Santorum Ponders the Path Forward

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Republican presidential candidate, former U.S. Sen. Rick Santorum speaks at a campaign rally at Four Seasons Sheraton on April 3, 2012 in Mars, Pennsylvania.

Mark Halperin scoops that Rick Santorum is meeting today in northern Virginia with conservative leaders to discuss the road ahead. Halperin quotes a Santorum source pushing back against mounting speculation, driven partly by the indefatigable candidate’s decision to take an Easter break from the campaign trail, that Santorum may soon shelve his presidential bid. “He is not dropping out before Pennsylvania,” the source says.

Maybe not. But odds are he is considering it more seriously than he has let on. Santorum has every right to fight on and force Mitt Romney to play out the string. But he has a lot to lose by doing so, and very little to gain. 

The next three weeks are going to be a trial for Santorum. The chorus of Republicans urging him to step aside is getting louder. Even factions of the party who are tepid about Romney are eager to shift the focus to Obama. In the three weeks until the next set of primaries, the pressure on Santorum to bow out gracefully is going to build with each news cycle and each new Romney endorsement.

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To his credit, Santorum has never seemed particularly interested in the opinion of the party elders. In the aftermath of his losses this week, he put on a brave face and noted that in May, the calendar becomes more favorable. In the meantime, however, he runs the risk of an embarrassment. On April 24, five moderate Northeastern states will hold primaries. Santorum is favored in only one: Pennsylvania, the state he served in the Senate and the one he calls home (though he has, for some time now, been living in the Virginia suburbs of Washington, D.C.). Santorum has framed his home state as his firewall. But a new PPP survey released today finds him trailing Romney by five points. Romney is closing the massive advantages Santorum once enjoyed among Evangelicals (a 37-point edge has dwindled to 10) and Tea Partyers (among whom his 32-point cushion has been slashed to six). Only 36% of GOP voters say Santorum has a “realistic chance” at the nomination.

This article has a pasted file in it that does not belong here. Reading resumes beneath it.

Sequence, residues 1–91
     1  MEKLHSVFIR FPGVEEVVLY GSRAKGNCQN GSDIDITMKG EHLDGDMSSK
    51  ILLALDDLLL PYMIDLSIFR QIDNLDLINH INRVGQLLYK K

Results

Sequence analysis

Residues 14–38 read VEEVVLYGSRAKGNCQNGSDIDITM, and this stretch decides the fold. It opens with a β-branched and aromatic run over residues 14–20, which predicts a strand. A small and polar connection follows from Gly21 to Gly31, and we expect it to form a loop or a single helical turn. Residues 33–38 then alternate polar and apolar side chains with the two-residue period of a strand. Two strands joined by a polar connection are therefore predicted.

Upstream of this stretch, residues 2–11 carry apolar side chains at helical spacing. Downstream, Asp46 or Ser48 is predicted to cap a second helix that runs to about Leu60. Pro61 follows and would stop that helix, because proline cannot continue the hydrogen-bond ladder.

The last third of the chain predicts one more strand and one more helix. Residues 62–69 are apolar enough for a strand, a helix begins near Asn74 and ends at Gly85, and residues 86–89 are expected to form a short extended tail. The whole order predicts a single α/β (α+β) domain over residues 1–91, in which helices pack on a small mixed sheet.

That’s not to say Santorum will lose Pennsylvania; another poll released Thursday has him up by four. But holding serve is not enough to catch up to Romney. Even if Santorum wins at home, as expected, he will fall farther behind the front-runner, who should clean up in New York (which has 95 delegates), Connecticut, Rhode Island and Delaware. Winning in May would be like chipping away in garbage time, and the final score doesn’t really matter.

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A loss at home would be a rough blow. Recall that Santorum was clobbered in his last statewide race, dropping the 2006 Senate contest by a whopping 18 points. “If he loses in his home state, he undoes all the good he did up until now, because the knock on him was he lost his homes state as Senator by a huge amount in 2006,” argued the conservative commentator Charles Krauthammer. That may be stretching things in an attempt to shove Santorum aside. But if he weighs the risks and rewards, Santorum may well decide to step away before a strong insurgent campaign devolves into a punch line.

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